Niqab fear mongering in Canadian media is irresponsible

Davide Mastracci
Oct 2, 2015 · 6 min read

The National Post has been giving a lot of space to the niqab debate lately, with three Full Comment articles and an editorial on the subject published since Saturday.

The articles, from Andrew Coyne and the paper’s editorial board, are quite good. Both articles offered support for Zunera Ishaq’s court case on libertarian grounds, arguing that her desire to wear the niqab at her citizenship ceremony should be protected as a right by the state. This was much appreciated, as it’s always nice to see libertarians use their ideology to argue for something other than dismantling gun control or fighting “PC police” supposedly taking over university campuses.

Unfortunately, Barbara Kay had to ruin the party by writing an article offering 10 reasons to ban the niqab, not only from citizenship ceremonies, but also from public service. This article, which Kay called the latest in her “nihad” series, is an irresponsible piece of journalism.

This sort of inaccurate fear mongering is what I’d expect from Facebook memes, not established Canadian journalists. Columnists with sway should not use their platform to demonize the already marginalized. This is especially important in this case, as Muslim women across the country are being harassed by those who buy into many of the same myths Kay propagates in her column.

In an effort to elevate the level of the conversation regarding the niqab debate, though it’s unfortunate the debate has taken up so much space at all, here’s a point-by-point rebuttal of Kay’s argument.

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“The niqab is not a religious obligation, it is, according to many Islamic scholars, a regional custom.”

Kay has no right, and likely nowhere near enough knowledge of Islamic law, to lecture Muslim women about what is and what isn’t part of their faith. Regardless, any genuinely held religious belief is protected by the state. It’s unlikely Ishaq would put off acquiring her Canadian citizenship for years, as well as throwing herself into the fray of the national conversation, if her belief wasn’t genuine. As such, it doesn’t really matter if Kay thinks the niqab is a religious obligation or a cultural one.

“The niqab is indecent. Beyond “offence,” which can be cognitively managed, decency standards go to the heart of our psychological well-being in society, and is beyond our cognitive control … Decency standards differ amongst societies and shift with time, but the when-in-Rome principle is universally accepted by reasonable people.”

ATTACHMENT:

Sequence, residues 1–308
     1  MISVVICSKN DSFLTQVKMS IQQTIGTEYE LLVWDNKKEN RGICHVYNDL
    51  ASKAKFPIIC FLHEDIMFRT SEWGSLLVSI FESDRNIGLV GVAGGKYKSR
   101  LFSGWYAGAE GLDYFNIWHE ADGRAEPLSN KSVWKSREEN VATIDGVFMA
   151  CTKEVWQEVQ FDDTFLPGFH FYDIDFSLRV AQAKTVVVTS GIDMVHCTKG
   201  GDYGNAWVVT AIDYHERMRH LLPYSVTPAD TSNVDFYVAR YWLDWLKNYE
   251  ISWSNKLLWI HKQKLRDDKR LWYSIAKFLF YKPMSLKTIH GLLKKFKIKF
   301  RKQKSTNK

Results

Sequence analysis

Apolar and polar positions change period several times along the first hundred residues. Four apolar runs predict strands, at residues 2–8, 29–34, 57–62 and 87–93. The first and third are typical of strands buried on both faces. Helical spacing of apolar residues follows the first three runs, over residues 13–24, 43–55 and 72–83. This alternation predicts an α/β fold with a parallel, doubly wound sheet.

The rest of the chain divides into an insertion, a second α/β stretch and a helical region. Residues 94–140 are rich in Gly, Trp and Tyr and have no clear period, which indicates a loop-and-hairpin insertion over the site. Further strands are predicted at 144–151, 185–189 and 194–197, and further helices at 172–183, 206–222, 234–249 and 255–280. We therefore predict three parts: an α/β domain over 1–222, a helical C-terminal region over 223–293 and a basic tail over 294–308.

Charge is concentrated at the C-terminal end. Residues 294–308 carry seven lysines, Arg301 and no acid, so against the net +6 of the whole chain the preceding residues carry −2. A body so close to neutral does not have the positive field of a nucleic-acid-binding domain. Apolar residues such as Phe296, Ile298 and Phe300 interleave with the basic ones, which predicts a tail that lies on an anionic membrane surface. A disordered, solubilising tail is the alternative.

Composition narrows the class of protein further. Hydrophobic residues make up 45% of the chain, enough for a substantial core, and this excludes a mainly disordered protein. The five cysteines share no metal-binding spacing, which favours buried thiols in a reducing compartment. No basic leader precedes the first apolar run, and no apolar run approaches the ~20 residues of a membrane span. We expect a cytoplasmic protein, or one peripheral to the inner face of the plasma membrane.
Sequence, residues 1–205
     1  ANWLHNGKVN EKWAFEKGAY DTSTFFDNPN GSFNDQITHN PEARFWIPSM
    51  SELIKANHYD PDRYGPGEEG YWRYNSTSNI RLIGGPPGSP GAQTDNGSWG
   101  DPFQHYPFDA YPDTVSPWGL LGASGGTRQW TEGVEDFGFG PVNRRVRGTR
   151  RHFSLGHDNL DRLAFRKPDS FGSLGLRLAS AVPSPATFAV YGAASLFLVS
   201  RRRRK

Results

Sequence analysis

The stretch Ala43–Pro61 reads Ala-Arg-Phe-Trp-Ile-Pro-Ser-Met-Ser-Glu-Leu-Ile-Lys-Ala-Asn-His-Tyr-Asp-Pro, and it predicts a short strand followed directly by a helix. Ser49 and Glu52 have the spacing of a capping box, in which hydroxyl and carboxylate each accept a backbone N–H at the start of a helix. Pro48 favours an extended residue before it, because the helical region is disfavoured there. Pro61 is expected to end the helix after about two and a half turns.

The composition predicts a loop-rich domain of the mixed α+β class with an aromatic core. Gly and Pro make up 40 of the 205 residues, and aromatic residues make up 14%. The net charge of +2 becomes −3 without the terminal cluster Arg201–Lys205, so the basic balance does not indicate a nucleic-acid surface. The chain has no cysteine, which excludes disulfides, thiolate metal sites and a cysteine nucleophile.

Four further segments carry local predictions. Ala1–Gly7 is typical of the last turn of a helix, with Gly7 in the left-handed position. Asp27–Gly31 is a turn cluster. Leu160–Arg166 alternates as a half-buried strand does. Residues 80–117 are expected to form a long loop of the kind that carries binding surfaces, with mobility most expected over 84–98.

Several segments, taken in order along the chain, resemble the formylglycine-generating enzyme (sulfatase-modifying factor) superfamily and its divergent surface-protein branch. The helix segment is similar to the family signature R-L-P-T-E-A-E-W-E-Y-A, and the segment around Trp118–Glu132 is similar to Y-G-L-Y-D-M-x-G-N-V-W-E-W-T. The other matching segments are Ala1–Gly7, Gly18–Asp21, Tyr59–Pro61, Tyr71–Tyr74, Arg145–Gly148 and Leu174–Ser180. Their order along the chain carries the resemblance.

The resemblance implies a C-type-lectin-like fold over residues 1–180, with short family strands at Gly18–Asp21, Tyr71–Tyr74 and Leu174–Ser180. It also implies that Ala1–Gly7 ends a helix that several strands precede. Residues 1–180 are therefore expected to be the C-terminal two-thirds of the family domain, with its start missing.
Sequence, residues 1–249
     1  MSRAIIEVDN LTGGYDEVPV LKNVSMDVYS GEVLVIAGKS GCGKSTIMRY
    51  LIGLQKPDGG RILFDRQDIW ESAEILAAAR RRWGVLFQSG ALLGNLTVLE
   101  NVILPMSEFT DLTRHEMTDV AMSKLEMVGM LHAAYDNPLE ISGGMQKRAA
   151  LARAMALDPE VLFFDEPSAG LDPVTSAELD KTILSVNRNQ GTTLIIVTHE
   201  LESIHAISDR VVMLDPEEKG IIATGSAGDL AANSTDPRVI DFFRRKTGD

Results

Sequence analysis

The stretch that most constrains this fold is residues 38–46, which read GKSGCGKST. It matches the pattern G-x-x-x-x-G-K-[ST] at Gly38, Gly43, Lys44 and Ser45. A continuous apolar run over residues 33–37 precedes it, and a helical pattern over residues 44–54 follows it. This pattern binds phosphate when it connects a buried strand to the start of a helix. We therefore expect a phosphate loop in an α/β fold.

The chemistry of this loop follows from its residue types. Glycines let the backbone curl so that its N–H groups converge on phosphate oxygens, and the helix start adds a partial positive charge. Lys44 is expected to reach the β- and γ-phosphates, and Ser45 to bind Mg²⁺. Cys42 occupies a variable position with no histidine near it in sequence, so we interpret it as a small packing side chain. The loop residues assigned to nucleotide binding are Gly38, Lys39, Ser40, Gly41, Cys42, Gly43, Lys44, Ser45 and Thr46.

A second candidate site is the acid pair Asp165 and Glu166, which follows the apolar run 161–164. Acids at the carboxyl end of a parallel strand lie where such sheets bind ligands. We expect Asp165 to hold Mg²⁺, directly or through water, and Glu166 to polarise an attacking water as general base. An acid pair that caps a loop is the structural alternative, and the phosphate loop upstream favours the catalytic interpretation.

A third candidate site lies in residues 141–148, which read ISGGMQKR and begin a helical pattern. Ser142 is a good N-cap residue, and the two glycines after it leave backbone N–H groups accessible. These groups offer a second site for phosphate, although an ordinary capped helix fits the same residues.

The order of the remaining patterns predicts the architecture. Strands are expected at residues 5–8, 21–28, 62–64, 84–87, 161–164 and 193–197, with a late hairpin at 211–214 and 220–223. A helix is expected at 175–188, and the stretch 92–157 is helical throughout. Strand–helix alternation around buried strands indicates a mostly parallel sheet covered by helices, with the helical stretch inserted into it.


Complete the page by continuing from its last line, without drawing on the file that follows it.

Perceived “indecency” is not a legitimate reason to ban something according to the Charter, so it doesn’t matter if Kay shakes in her boots the one or two times a year she sees a woman wearing a niqab. As for the “when-in-Rome” principle, when did sacrificing your Charter backed rights to appease the sensibilities of others become a Canadian thing to do? Ishaq’s prolonged legal battle for her rights is the epitomization of what it means to be a Canadian.

“Double standards: it is inconceivable that we would allow men to mask themselves in civic interaction, even if they considered it a religious obligation, because masked men are threatening to women (and other men). We should not permit to women what we would not permit to men.”

This may be a legitimate concern if there were actually men who believed they were required to mask themselves as a religious obligation and were prevented from doing so. To the best of my knowledge there aren’t, so Kay has no idea how judges would rule on the matter. She also has no legal background to make an informed guess.

“The only societies that mandate the niqab as a social norm are those in which women are considered sexual chattel with virtually no rights. Willed indifference to the niqab is more than tolerance; it is an endorsement of gender-rights relativism in our national home — equality for our women, inferior status for theirs.”